Israeli music stars died at age 31

Here are 3 famous musicians from Israel died at 31:

Daniel Lewin

Daniel Lewin (May 14, 1970 Denver-September 11, 2001 New York City) also known as Daniel Lewin, Danny or Daniel Mark Lewin was an Israeli computer scientist.

Lewin was a graduate of the elite Israel Defense Forces (IDF) unit Sayeret Matkal and studied at the Technion - Israel Institute of Technology. He co-founded Akamai Technologies in 1998, a company that provides content delivery services for the Internet. Lewin's expertise in algorithms helped revolutionize the way content is delivered on the internet, leading Akamai to become one of the most successful tech companies during the dot-com boom. Despite his success as a businessman, Lewin remained committed to serving his country and helping others. On September 11, 2001, he was aboard American Airlines Flight 11 when it was hijacked by terrorists and flown into the North Tower of the World Trade Center in New York City. It is believed that Lewin was the first person killed in the 9/11 attacks as he attempted to overpower the hijackers and prevent further loss of life.

Lewin's bravery and heroic actions on 9/11 have been widely recognized, and he has been posthumously honored with several awards, including the George Polk Award and the Yankee Group Technologies Innovator Award. His legacy has also been kept alive through the Daniel M. Lewin Fellowship in Computer Science, which was established at MIT, where he had previously earned his Ph.D. Lewin is survived by his wife and two sons, and his memory continues to inspire and motivate people around the world.

He died in stabbing.

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Shmuel Joseph Schweig

Shmuel Joseph Schweig (April 5, 2015 Ternopil-April 5, 1984 Jerusalem) was an Israeli photographer.

Schweig was born in Ternopil, Ukraine, then part of the Austro-Hungarian Empire. He immigrated to British Mandatory Palestine in 1920 and settled in Jerusalem. Schweig was passionate about photography from a young age and became one of the most prominent photographers in Israel. He documented the early years of the state, including the War of Independence, as well as everyday life in Jerusalem.

Schweig's work was published in major newspapers, magazines and books, and he received awards and recognition for his contributions to Israeli art and culture. He was also a teacher, mentoring many young photographers. His photographs are now part of the permanent collections of prestigious museums around the world, including the Israel Museum, the Museum of Modern Art in New York and the Tokyo Metropolitan Museum of Photography. Schweig passed away on his 69th birthday in Jerusalem.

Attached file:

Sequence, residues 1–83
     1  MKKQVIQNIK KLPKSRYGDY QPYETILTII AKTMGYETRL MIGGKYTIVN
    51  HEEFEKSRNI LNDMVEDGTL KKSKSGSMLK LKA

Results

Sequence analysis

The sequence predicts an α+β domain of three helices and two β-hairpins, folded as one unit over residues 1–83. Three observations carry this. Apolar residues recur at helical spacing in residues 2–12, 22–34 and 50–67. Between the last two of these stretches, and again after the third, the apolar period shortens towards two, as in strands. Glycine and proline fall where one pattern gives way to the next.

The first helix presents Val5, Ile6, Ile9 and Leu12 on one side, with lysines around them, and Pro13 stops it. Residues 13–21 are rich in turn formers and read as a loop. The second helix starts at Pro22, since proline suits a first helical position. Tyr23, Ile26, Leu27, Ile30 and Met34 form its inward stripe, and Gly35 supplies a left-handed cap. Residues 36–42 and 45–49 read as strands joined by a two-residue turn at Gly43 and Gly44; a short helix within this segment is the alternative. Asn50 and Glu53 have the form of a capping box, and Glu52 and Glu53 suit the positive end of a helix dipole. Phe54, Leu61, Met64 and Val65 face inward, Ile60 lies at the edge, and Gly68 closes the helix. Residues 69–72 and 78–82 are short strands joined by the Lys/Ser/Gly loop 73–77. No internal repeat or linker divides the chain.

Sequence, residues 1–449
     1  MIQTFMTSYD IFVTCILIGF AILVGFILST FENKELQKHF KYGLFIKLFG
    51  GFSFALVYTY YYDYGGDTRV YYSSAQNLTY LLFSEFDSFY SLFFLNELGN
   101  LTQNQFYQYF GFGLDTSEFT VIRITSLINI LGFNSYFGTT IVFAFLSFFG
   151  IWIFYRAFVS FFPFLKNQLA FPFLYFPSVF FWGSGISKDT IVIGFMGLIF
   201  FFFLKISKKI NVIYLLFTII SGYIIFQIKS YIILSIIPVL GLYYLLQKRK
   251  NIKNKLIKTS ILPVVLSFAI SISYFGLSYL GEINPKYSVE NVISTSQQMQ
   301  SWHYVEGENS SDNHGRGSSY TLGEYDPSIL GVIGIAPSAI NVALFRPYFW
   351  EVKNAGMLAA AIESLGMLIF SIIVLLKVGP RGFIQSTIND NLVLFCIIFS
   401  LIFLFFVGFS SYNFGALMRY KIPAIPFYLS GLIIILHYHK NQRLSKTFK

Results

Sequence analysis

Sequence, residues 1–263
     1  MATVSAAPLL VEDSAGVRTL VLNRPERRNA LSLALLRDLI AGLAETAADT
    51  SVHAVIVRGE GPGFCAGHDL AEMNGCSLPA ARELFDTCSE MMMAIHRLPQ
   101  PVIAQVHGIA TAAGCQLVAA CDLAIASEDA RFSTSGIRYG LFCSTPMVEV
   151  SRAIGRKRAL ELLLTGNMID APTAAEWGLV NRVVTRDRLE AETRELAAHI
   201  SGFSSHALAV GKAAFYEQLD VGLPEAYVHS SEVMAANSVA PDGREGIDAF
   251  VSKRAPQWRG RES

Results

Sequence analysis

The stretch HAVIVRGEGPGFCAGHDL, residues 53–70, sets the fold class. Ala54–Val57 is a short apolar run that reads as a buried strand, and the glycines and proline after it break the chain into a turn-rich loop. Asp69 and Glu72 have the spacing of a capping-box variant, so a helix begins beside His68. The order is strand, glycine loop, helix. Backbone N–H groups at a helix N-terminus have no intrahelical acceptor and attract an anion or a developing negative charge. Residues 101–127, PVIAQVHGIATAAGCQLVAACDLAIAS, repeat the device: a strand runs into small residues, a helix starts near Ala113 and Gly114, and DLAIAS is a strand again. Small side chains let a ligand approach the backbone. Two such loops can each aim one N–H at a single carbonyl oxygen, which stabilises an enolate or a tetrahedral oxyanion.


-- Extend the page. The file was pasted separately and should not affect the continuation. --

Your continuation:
In addition to documenting the early years of the state of Israel, Shmuel Joseph Schweig also captured the aftermath of the Holocaust and the plight of Jewish refugees who arrived in Israel after World War II. His photographs were characterized by their sensitivity and humanity, and he was known for his ability to capture the essence of his subjects with both simplicity and depth. Schweig was also a member of the Israel Photographers Association and served as its president from 1964 to 1971. After his death, his legacy was continued by his son, Yair Schweig, who became an accomplished photographer in his own right. Today, Shmuel Joseph Schweig is remembered as one of the greatest Israeli photographers of all time, and his work continues to be revered for its artistic and historical significance.

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Steven Sotloff

Steven Sotloff (May 11, 1983 Miami-September 2, 2014 Syrian Desert) a.k.a. Steven Joel Sotloff, Steven J. Sotloff or Steve Sotloff was an Israeli journalist.

Sotloff was raised in Miami, Florida and studied at Kimball Union Academy in New Hampshire. He attended the University of Central Florida, studying journalism. After graduation, he moved to Yemen to teach English and learn Arabic. He later returned to the United States to pursue a career in journalism, working for publications such as TIME, Foreign Policy, and The Christian Science Monitor.

In 2013, Sotloff was kidnapped by members of the Islamic State of Iraq and the Levant (ISIL) in Syria. He was held captive for over a year, during which he was frequently threatened with execution. His captors demanded a ransom and the release of prisoners in exchange for his release, but these demands were not met. In September 2014, Sotloff was beheaded by his captors, becoming the second American journalist to be killed by ISIL.

Sotloff is remembered for his compassion and dedication to journalism, even in the face of great danger. His family established The Steven Sotloff Memorial Endowment Fund to provide support for journalism students and freelancers in need.

At the time of his death, Sotloff was considered an expert on the Middle East, and had reported from Egypt, Libya, Turkey, and Syria. His reporting focused on the lives of ordinary people living in war-torn countries, and he was widely praised for his bravery and commitment to shedding light on the suffering of those affected by conflict. Following his death, many of his colleagues and friends spoke out about his kind and generous nature, as well as his deep love for the people and cultures of the Middle East. Sotloff was also a talented writer and photographer, and his work has been published in numerous publications around the world. His death sparked outrage and condemnation from people around the world, and he is remembered as a courageous and compassionate journalist who lost his life while working to bring the truth to light.

He died in decapitation.

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